PHOTOS: Gays help dedicate the Calatrava bridge

Gay flaggers greeted pedestrians on the Margaret Hunt Hill Bridge on Saturday. (David Taffet/Dallas Voice)

The new Calatrava bridge was eerily quiet this morning, less than 24 hours after Mayor Mike Rawlings cut the ribbon and tens of thousands of people walked across the span. And commuters anxiously await word on when they’ll be able to cross the world’s narrowest body of water spanned by a cable-stayed bridge.

What’s been apparent to anyone who regularly uses the Continental viaduct, which runs alongside the new bridge, is that without on and off ramps, the new road is useless. And until January, there was no evidence that the bridge that ended at the levee would have a way to connect to Singleton Boulevard down below. The ramp from southbound I-35 to the bridge is also incomplete.

However, even though the city doesn’t know how to complete a bridge, the gays sure know how to throw a party. During Super Bowl week last year, most of the planned events were canceled or scaled back because of weather. The one event that went off without a hitch — because the planners understood that it was taking place in February — was the party on Cedar Springs.

So when it was time to plan the bridge celebration, the city wisely left it to the gays.

—  David Taffet

A Work(room) in progress

Gay-owned shop anchors W. Dallas development boom as area awaits opening of Margaret Hunt Hill Bridge

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URBAN PIONEERS  | Nick Troilo, left, said the store wouldn’t have been possible without his partner, Jim Wright. (David Taffet/Dallas Voice)

DAVID TAFFET  |  Staff Writer

When Nick Troilo opened The Workroom on Singleton Boulevard in West Dallas, he did what many gay people have done before him: He became an urban pioneer opening a business in an area most others avoided.

Although a designer by trade, Troilo’s interest in the neighborhood began when he worked a few blocks away at Jack’s Backyard.

Although business had started to flourish along Fort Worth Avenue, Singleton Boulevard was still an example of some of the city’s worst urban blight — lined with junkyards, auto repair shops and nondescript buildings with iron bars on the windows.

“The idea for the store came out of the recession,” Troilo said.

“I was working at home not meeting clients and was waiting tables at Jack’s.”

While working at Jack’s, Troilo met a customer who was buying up property in the area. Speculators have been preparing for the boom that is expected after the March 2 opening of the Margaret Hunt Hill Bridge, which will replace the Continental Street viaduct and link Singleton Boulevard to Woodall Rodgers Freeway and downtown.

Troilo’s future landlord showed him a variety of properties, and Troilo selected an old warehouse to lease, three blocks from the bridge adjoined by plenty of parking. When he first opened in October, Troilo was definitely a pioneer, but plans for other businesses in the area have since progressed.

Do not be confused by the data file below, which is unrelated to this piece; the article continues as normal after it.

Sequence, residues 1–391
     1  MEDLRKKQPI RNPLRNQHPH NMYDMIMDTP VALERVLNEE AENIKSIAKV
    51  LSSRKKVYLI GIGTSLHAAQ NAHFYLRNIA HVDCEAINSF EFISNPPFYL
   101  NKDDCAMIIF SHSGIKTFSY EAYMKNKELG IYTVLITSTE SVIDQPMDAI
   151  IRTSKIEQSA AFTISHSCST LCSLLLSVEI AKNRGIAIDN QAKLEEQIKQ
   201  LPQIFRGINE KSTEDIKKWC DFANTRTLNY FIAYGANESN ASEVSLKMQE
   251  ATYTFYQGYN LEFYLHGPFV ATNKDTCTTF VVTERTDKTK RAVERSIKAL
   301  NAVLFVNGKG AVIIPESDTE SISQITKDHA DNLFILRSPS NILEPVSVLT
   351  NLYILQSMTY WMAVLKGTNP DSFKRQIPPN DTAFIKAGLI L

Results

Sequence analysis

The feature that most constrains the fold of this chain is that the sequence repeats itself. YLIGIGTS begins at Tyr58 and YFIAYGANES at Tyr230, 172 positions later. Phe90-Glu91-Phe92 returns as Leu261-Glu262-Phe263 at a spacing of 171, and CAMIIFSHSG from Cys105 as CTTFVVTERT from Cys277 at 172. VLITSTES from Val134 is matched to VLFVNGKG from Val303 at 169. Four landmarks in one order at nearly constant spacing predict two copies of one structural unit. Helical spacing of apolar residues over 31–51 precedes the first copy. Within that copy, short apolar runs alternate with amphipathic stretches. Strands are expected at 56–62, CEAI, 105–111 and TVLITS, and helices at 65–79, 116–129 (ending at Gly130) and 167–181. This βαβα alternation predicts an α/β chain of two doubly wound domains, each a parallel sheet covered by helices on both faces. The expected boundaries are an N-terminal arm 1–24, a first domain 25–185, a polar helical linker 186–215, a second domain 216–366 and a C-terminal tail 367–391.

Standing outside of his store recently, Troilo pointed to a number of bright, recently painted buildings surrounding his.

Behind Troilo’s store is an abandoned strip that will become a retail center. Across the street, a microbrewery is scheduled to open. Next to that is a planned “restaurant incubator” where companies will test-market new concepts in dining.

Troilo has been talking to developers about working with them on interior designs. He designed the interior of Veracruz in the Bishop Arts District, one of the most successful new urban neighborhoods also largely pioneered by gay entrepreneurs.

One reason Troilo chose this warehouse for his shop, he said, is because it had two garage doors — one in front where he created a patio to serve coffee and pastries, and one in back for deliveries.

“Coffee is free,” he said. He wants The Workroom to be a place people can come and shop but also a place to gather.

North Texas GLBT Chamber of Commerce President and CEO Tony Vedda said, “Traditionally we have had the ability to find those diamonds in the rough and work those visions into a reality.”

And LGBT consumers have a history of seeking out and supporting those businesses.

Troilo describes the mix in his shop as “distinctive fresh florals, arts, crafts, interiors and antiques.”

He’s stocked the store with an eclectic variety of goods at various price points. The walls are currently filled with his own artwork, but exhibits by other artists are planned. In addition to Troilo’s work, the store features everything from carvings by an artist from Poland to custom metal work to a T-shirt commemorating the opening of the bridge.

“I wanted to have something so people could walk out of here for $5, to things in the thousands,” he said.

Troilo rented out a floral design station to Tommy Dodd, a florist who is moving his business from Southlake to the new West Dallas location where he plans to continue working with Saks Fifth Avenue and his private clientele as well as find new customers — possibly right across the street at the test restaurants the area will be incubating.